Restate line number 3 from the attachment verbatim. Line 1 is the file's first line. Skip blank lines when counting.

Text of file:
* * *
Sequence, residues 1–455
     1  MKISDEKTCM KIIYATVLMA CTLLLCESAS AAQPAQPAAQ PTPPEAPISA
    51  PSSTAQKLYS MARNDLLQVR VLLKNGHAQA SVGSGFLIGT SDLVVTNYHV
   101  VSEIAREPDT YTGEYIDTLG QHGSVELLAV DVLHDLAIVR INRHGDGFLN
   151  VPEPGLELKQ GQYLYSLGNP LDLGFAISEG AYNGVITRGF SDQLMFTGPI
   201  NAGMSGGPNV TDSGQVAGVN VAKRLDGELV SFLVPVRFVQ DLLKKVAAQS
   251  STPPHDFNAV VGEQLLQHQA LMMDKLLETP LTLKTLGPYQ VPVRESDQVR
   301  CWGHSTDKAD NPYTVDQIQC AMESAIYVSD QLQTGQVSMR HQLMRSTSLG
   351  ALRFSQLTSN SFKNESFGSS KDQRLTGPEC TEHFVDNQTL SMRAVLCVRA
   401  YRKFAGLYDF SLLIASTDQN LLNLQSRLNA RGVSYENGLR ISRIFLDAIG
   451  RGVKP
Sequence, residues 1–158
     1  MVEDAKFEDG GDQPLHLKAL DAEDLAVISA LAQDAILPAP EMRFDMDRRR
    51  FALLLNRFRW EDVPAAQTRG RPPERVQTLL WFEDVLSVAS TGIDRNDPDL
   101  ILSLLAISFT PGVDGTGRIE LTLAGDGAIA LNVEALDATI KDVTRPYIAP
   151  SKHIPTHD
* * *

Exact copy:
    51  PSSTAQKLYS MARNDLLQVR VLLKNGHAQA SVGSGFLIGT SDLVVTNYHV